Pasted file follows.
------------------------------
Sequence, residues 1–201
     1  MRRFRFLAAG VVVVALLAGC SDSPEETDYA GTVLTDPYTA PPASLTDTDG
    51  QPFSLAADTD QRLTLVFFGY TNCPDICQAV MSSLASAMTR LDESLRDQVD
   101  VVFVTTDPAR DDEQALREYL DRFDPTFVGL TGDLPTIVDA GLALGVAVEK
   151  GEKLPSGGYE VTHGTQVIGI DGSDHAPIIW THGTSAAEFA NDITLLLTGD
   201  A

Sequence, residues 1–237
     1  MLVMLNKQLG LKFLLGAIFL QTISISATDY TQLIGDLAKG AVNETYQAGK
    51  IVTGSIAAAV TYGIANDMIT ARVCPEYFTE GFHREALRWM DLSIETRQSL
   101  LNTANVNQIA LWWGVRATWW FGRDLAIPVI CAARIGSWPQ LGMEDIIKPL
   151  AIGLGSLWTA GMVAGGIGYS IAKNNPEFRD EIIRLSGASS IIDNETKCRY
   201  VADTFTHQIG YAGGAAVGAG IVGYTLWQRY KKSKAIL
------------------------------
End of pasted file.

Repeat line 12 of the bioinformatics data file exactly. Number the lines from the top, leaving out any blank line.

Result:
   201  VADTFTHQIG YAGGAAVGAG IVGYTLWQRY KKSKAIL